Quiche Essentials: Broccoli & Two-Cheese Quiche
Andy Anderson !
I wanted to keep it simple, so I did not add any meats; just broccoli and onions. Gruyère was my main cheese, and I added a bit of feta, to kick it up.
Oh, one more thing… The French did not invent the quiche; the Germans did.
So, you ready… Let’s get into the kitchen.
2 Tbspsweet butter, unsalted, plus a bit more for greasing the pie plate
1/2 cyellow onions, chopped
10 ozbroccoli florets, cut into bite-size pieces
1 cgruyère cheese, freshly shredded
2 - 3 ozfeta cheese, crumbled
1 1/2 chalf & half
1 pinchnutmeg, freshly ground
·salt kosher variety, to taste
·white pepper, freshly ground to taste
·chopped, cooked bacon… mmmmm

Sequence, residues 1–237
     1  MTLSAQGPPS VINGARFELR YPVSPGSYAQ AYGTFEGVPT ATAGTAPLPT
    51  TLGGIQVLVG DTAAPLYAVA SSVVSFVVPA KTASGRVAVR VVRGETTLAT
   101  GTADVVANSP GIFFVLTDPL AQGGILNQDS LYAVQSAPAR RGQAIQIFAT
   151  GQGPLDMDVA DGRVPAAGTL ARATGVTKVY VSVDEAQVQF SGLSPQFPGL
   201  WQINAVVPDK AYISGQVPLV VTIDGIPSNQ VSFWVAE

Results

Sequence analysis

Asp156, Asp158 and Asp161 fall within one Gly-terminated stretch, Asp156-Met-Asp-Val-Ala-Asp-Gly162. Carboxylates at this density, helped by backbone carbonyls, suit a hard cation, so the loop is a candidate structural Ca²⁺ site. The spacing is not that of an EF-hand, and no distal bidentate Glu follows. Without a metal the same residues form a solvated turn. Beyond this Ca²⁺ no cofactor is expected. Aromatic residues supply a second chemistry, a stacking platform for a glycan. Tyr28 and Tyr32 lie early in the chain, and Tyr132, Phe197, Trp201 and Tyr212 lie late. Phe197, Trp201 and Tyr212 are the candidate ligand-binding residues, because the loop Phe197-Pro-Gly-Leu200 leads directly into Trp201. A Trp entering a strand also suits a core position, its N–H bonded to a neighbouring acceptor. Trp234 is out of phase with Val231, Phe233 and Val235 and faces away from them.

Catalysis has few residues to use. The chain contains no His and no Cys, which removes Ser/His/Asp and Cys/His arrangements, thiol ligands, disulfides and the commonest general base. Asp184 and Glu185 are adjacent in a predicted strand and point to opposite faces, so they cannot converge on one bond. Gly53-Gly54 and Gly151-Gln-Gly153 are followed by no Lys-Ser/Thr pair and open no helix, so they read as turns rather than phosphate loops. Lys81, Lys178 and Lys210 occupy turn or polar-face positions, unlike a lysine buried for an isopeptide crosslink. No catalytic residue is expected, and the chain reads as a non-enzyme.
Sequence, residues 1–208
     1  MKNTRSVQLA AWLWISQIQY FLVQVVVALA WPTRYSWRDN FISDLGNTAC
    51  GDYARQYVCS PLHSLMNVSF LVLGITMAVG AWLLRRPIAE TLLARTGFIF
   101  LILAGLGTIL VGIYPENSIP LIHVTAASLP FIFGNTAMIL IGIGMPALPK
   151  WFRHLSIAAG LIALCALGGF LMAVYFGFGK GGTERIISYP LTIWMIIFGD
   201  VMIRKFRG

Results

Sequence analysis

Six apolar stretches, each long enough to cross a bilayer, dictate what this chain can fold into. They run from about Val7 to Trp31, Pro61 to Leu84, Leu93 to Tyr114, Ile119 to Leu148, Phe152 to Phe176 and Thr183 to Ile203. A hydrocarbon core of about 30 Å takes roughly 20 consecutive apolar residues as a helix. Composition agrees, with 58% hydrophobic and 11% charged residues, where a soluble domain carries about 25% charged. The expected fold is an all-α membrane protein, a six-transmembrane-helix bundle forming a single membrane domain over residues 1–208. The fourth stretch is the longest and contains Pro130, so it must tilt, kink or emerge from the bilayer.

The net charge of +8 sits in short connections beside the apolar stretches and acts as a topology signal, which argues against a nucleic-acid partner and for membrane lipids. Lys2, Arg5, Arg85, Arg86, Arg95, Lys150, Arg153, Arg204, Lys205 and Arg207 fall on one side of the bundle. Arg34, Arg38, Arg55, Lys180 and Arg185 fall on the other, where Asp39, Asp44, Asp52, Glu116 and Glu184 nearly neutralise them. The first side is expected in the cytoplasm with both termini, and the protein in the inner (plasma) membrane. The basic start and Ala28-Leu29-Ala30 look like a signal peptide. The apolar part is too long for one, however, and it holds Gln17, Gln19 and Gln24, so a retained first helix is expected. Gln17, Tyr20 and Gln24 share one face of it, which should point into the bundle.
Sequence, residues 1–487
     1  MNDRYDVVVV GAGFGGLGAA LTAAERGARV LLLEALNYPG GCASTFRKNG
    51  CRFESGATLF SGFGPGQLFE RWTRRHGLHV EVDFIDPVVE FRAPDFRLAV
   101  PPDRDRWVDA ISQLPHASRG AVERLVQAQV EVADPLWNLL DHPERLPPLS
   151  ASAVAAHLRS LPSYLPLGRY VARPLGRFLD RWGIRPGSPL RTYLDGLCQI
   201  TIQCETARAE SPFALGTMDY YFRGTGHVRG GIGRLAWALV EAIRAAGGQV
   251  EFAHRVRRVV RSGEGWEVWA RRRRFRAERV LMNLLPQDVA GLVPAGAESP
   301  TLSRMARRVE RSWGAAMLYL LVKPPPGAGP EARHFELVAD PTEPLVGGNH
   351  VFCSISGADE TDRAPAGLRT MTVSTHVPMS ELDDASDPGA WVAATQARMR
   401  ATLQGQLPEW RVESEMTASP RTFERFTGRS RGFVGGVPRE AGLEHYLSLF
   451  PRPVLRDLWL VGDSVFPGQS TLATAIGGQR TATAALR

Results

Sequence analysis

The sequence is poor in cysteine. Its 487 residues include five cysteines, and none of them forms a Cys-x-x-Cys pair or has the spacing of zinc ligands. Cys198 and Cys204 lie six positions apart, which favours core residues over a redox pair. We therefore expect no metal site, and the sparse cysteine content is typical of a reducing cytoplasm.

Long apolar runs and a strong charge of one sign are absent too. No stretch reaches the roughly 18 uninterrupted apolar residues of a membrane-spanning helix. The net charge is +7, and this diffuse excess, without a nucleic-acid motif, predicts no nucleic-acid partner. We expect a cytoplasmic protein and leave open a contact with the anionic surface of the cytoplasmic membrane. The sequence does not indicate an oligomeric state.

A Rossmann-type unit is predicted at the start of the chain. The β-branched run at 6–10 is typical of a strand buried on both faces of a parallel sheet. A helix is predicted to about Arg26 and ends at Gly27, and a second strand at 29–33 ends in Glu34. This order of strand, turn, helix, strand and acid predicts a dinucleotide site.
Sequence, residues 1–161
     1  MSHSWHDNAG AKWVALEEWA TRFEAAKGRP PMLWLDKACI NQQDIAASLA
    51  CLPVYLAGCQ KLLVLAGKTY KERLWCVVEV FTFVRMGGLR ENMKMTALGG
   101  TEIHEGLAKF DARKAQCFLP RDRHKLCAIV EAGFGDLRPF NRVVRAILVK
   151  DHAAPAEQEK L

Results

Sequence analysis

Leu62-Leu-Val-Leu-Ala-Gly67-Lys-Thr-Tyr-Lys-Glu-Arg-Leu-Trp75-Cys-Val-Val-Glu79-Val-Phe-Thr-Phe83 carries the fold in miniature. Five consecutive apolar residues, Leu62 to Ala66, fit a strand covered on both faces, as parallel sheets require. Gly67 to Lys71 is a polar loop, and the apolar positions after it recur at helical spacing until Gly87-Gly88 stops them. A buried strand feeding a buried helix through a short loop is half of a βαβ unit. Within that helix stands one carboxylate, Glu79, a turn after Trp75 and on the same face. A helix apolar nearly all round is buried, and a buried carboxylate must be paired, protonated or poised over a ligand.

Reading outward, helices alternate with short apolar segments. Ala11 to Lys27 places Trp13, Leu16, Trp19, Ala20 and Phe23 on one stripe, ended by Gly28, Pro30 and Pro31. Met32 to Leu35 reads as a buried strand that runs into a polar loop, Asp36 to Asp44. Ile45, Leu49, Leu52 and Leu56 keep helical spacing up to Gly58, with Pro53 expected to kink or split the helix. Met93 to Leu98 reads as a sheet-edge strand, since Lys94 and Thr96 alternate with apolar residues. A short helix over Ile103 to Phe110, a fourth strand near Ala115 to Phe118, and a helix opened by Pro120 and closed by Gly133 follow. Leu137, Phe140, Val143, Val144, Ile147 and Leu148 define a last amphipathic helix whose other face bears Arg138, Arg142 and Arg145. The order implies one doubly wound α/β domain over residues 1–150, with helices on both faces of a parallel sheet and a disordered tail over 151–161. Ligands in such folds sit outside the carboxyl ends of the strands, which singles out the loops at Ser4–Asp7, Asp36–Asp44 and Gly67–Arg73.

How to Make Quiche Essentials: Broccoli & Two-Cheese Quiche
- It is about the balance. We all love the fluffy taste of a perfectly baked quiche, and part of that perfection is the proper balancing of the eggs and milk. Too many eggs, and it tastes like you are eating an omelet, too few, and the quiche will not set.
I have found that the ideal balance is 1 large egg per 1/2 cup milk.
That should do the trick.
- Chef’s Tip: You will notice from the main image, that the quiche seems to have areas of cheese, and areas of egg. Some people mix the cheese in with the liquid; however, I lightly toss the cheese with the veggies, and then pour the liquid on top. That way, when it cooks you will have areas with more cheese than eggs, and vise/versa. And that makes every bite an tasty adventure.
- Chef’s Tip: One of the side effects of over-cooking a quiche is that ii will become wet and soggy.
Why? The protein strands in the egg will begin tightening, just like wringing out a sponge, and will dump all that liquid right into the pie plate. So, if the middle has a giggle, that is a good thing.
Besides, carryover cooking will continue to cook the quiche for 5 – 7 minutes after it has been removed from the oven.